HICKORY – Sometimes being successful in life comes down to simply showing up.

There’s more to it than this obviously, but it’s where employers expect their employees to start when they are hired — along with having a positive attitude.

A hundred years ago, the leaders of industry in the United States stumbled onto these ideas when they were asking themselves what could they do to develop even more productive and more involved employees at their companies.

An extensive study of engineering education by Charles Mann for the Carnegie Foundation came up with the idea of investing in more time to teach something called soft skills.

The study was prepared for the Joint Committee on Engineering Education of the National Engineering Societies in 1918.

“These interviews, together with a study of the methods of rating college graduates in several large manufacturing companies, indicated that personal qualities such as common sense, integrity, resourcefulness, initiative, tact, thoroughness, accuracy, efficiency and understanding of men are universally recognized as being no less necessary to a professional engineer than are technical knowledge and skill,” the study said.

Still relevant

Luke Walling, president of Temprano Techvestors, a business-to-business software products company based in Newton, said any applicant they consider for a job needs to have good communication skills to start.

“Much of our work involves demonstrating, implementing, supporting and selling complicated cyber security and general information technology tools,” Walling said in an HDR email. “It’s critical for our team members to be able to communicate the value of these products plainly and communicate their effectiveness in terms our customers can associate with.”

Accountability is another key attribute he looks for in an employee, especially since Temprano Techvestors is a small company.

“If a person in our team can’t accept being tied to real results, this isn’t the place for them. All too often we run across candidates that find this concept challenging, even in sales roles,” Walling said.

He’s been impressed with some of the programs, public and private, K-12 education has begun using, like Leader in Me, to develop these traits in potential employees.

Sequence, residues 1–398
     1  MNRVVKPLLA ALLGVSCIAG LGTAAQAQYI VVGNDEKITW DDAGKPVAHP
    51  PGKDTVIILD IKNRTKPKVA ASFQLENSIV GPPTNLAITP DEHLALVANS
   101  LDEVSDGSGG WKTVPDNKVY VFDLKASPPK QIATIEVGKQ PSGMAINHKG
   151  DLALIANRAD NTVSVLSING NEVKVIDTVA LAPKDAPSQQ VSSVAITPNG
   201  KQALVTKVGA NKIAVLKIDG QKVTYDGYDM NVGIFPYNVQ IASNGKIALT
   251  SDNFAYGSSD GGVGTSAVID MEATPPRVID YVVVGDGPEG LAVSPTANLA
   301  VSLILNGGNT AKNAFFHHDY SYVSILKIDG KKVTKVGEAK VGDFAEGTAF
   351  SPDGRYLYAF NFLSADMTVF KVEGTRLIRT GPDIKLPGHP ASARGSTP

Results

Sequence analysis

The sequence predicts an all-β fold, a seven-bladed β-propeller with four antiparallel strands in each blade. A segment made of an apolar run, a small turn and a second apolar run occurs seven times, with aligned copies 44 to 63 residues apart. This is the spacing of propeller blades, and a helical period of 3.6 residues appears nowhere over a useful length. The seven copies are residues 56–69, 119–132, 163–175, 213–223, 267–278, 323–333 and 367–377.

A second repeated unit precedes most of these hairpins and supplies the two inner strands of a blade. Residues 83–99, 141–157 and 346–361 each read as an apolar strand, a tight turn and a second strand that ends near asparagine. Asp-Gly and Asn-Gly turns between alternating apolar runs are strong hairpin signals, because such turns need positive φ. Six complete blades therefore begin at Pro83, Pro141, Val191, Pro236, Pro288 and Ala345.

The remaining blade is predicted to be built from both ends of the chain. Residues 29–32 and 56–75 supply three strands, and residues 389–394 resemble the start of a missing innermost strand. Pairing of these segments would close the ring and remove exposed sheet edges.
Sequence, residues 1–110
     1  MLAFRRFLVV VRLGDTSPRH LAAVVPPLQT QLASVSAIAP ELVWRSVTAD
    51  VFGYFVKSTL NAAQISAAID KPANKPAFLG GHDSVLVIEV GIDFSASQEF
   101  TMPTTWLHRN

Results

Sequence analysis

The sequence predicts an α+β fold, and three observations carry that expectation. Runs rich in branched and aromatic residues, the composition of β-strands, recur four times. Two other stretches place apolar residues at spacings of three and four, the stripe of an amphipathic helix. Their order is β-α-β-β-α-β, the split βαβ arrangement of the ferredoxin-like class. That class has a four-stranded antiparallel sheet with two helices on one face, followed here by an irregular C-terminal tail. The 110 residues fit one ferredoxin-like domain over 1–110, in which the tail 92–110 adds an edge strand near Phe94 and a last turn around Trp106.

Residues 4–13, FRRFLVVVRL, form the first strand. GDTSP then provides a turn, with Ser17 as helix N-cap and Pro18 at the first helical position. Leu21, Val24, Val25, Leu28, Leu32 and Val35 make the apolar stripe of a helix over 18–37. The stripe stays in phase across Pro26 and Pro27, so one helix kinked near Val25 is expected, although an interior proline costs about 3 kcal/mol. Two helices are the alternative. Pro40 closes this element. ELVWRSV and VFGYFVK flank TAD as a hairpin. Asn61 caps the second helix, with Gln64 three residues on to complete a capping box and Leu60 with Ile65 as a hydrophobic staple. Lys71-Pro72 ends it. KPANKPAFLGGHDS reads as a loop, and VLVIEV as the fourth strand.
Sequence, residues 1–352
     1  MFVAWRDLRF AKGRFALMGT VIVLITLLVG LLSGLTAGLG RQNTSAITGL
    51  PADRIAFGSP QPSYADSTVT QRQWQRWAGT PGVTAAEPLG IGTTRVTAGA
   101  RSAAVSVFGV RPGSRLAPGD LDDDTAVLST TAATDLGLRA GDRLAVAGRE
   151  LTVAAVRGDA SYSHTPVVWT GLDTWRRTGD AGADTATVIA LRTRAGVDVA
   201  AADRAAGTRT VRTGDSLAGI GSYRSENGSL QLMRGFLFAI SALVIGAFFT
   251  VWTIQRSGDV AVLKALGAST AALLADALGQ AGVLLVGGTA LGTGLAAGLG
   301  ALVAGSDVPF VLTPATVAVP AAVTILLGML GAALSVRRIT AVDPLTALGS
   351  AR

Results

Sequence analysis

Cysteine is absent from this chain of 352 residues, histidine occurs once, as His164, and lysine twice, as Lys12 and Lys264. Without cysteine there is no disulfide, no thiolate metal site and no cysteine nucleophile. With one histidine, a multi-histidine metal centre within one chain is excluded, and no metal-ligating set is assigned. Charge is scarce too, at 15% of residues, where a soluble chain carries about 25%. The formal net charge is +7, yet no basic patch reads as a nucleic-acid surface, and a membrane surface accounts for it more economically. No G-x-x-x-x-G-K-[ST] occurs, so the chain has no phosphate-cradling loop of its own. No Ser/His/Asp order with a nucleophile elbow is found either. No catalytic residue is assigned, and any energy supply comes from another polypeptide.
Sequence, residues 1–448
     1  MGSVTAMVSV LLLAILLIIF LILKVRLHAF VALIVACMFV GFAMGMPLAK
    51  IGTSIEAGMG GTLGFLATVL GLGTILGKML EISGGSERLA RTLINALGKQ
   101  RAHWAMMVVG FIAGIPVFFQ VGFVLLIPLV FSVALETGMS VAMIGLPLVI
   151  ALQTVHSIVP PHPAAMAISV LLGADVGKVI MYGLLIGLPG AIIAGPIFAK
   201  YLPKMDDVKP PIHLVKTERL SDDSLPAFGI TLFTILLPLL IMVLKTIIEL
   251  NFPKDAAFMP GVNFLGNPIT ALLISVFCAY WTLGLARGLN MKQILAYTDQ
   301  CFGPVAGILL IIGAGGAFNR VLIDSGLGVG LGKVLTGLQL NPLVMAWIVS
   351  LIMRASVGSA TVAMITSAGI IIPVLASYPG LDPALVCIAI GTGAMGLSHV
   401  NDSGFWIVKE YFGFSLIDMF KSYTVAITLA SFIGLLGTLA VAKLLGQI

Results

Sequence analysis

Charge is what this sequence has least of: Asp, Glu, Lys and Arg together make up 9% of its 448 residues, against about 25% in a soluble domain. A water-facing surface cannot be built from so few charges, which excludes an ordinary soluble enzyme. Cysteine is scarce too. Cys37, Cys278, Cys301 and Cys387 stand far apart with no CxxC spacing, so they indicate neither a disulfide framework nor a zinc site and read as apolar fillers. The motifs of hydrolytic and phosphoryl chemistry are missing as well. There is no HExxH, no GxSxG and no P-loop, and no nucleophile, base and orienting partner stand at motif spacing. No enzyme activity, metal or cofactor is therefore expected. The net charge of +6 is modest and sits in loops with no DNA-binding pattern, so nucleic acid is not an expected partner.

“I believe we must learn from what these programs do locally, and build the basic elements into the very core of what our educators do,” Walling said.

He’s seen this done “in pockets” throughout the county already. One example he points to is Discovery High School in Newton.

“Students are empowered to learn in new and different ways more like that of a college environment, but held to rigorous standards of accountability in return for this freedom,” Walling said.

With Leader in Me, he’s seen children who can speak, present and start conversations in authoritative professional ways not expected from their age group. The problem has been the hefty cost to bring something like Leader in Me to a school.

Walling is hoping K-64 (kindergarten to age 64) can be a pathway to develop a more “home grown, sustainable” leadership training program for all the county’s school systems.

The objective of K-64 is to engage more students and employers in local educational programs that help shape future careers and meet workforce demands, according to k-64learning.com.

Its priorities include: one-to-world classroom technology, developing tech savvy educators, work-based learning, employer engagement, career adaptability and character education.

“Can we do it? I believe so. I’ve seen an unexpected amount of interest in the program and am optimistic today in its future,” Walling said.

Not so long ago

This was an issue Catawba County Economic Development Corporation President Scott Millar remembers Glenn Barger, a former Catawba County Schools superintendent and county commissioner, brought up for discussion in 2011.

Today, Millar sees programs like K-64 as an example of how different groups in the county are prioritizing the importance of soft skills training again.

“The employers can train people to do the work they need if they show up and if they’re on time,” Millar said. “The real issue behind the soft skills development is will people show up, will they be there with a great attitude, will they understand that they are part of a process.”

He sees it as a discussion about building stronger business and education partnerships.

Nathan Huret, Catawba County Economic Development Corporation Director of Existing Industry, agreed the underlying theme of soft skills and character development always seems to be part of any discussion on workforce development.

“At the end of the day, what I often hear from employers is they want someone who’s going to be dependable and have a willingness to learn,” Huret said.

He’s seen the idea evolve over time as well.